I left the information meeting on the Hoan Bridge Monday night perplexed by the predictions of severe traffic congestion if one of the northbound traffic lanes is turned into a path for bikers and pedestrians.
Gridlock, but at 50 mph?
Based on my grade-school experience, I know what F means. It’s not good on a report card or in the DOT rating system for roadway traffic flow.
In its study of bike lane alternatives on the Hoan, the DOT predicts rush-hour traffic on portions of the Hoan would move at the F level, based on projected traffic volume in 2035. Even if the traffic growth slows, the service levels are predicted to be D and E.
It’s safe to assume that neither the DOT, nor the Federal Highway Administration, would approve a bike lane if it creates stop-and-go traffic, long backups, delays and maximum driver frustration.
That’s why the two least-expensive options for the bike and pedestrian lane, priced at $9.5 million and $27.5 million, were red-flagged for the traffic slow-down they would create. The other options will be a tough sell at $76 million to $95 million.
It’s all spelled out quite well in the charts and graphs in the 120-page feasibility study.
But the same chart that lays out the future rush-hour carmageddon also lists the average speeds in that two-lane scenario as 48 to 54 mph, right at the current speed limit on the Hoan.
That’s not gridlock. It’s a normal drive to the office.
Sandie Pendleton, a local attorney and member of the Greater Shorewood Bikers, caught the same apparent contradiction.
He also did some calculating and found that even if one uses the DOT “design” speed figure for present-day “free-flow” traffic on the Hoan – 60 mph – and then assumes the actual traffic-flow speed drops from 60 mph today, to roughly 50 mph in 2035 if a bike lane is added, morning commute times in 2035 increase by less than 30 seconds.
“A scenario of a no more than 26-second morning commute-time increase is trivial,” Pendleton wrote in an email.
If adding a bike lane keeps people from speeding, that might be another mark in the plus column for the $9.5 million bike lane option.
But it’s not the speed, it’s the density.
Brian Roper, the project manager, pointed me to the other important numbers in that chart of traffic impacts.
With only two lanes carrying northbound cars, the vehicles will start to stack up to 50 or more in a mile of roadway around that morning rush. By DOT standards, 35 vehicles per mile is about the acceptable limit.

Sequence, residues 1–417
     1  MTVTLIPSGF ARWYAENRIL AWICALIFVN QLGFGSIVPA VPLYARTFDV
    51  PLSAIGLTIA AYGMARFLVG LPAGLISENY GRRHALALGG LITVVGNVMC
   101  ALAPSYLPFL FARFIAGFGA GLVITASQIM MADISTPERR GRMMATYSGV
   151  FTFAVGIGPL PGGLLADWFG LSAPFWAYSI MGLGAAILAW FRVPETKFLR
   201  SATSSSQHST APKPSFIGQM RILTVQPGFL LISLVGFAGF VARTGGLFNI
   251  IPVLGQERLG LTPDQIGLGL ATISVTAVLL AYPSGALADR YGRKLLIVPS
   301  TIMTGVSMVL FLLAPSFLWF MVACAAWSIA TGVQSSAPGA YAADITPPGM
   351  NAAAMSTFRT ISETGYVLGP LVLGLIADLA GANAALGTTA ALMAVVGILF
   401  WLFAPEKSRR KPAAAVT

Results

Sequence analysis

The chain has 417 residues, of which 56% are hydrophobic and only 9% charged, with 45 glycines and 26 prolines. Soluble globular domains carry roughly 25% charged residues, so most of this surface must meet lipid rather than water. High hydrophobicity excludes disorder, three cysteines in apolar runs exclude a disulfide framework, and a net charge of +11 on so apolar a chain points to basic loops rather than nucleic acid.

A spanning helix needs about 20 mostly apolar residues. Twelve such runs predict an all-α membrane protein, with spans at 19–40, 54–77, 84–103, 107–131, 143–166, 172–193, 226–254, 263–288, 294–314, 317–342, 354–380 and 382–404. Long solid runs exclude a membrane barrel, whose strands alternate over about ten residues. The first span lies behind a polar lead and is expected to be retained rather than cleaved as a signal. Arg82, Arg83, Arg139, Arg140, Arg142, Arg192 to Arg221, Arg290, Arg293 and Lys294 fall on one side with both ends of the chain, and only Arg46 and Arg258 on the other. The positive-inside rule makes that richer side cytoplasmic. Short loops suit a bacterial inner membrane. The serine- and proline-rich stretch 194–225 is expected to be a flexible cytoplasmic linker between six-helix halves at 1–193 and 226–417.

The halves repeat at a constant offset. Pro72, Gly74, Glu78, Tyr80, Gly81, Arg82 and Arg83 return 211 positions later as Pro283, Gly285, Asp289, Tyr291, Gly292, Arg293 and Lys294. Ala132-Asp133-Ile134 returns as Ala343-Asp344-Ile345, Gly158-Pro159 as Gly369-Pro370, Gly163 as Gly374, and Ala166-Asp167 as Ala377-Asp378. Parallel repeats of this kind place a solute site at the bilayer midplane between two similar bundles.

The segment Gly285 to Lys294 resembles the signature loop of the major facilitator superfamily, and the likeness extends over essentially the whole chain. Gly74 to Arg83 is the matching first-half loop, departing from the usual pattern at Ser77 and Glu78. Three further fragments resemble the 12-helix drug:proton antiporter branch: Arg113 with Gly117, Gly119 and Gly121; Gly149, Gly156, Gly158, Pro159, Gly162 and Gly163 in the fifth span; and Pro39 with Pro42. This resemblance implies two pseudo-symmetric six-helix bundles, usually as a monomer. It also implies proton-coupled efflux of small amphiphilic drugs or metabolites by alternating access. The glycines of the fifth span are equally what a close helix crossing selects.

Too many cars in too little space means traffic slows, shifting lanes becomes difficult and drivers endure a high level of frustration.
“You reach that tipping point where vehicles get so close together, there’s the potential for anything to slow traffic,” Roper told me.
Overcoming the congestion argument will be a challenge for the advocates building their case for a bike lane on the Hoan.
That includes the 40 local business executives who signed a letter encouraging Gov. Scott Walker to say yes to the Hoan Bridge bike and walking lane.
One of the issues still in play would be the traffic volume projections. The DOT study ignores the potential that motorists would seek alternate routes. About 6,400 per day did so during the repair work over the summer, and traffic on the bridge was reduced by 12%.
During that time, with two lanes of traffic moving through a construction area, the average northbound speeds during the peak hour was 46 mph.
“The DOT folks have a tough job, trying to predict what the world, car-technology and traffic are going to look like in 2035,” Pendleton wrote. “But I hope the final study, also presents some other projections regarding 2035 traffic density.
“I own two cars, I’m a business attorney and carnivore, but even to me, the DOT study seems very ‘car-centered.’” he said. “It is disappointing that while the DOT is supposed to be focusing on building a ‘safe and efficient’ transportation system, nowhere in its Hoan report does it:
· compare the safety of dedicated bike paths, to on-street paths;
· compare commute times or speeds for bike commuters on a Hoan path, compared to what those would be on the alternative surface street path; or
· talk about growth trends in bike traffic and bike commuters (rather than just focusing on growth trends and projected increases in auto traffic).
Pendleton and all interested parties still have time to make their points with the decision-makers.
The deadline for submitting comments to the DOT is 5 p.m. Nov. 30.
Options include email to the project manager at firstname.lastname@example.org, a letter to WisDOT’s Southeast Regional Office, P.O. Box 798, Waukesha, WI, comment on Facebook@HoanBridge Wisconsin DOT or Twitter@WIHoanBridge.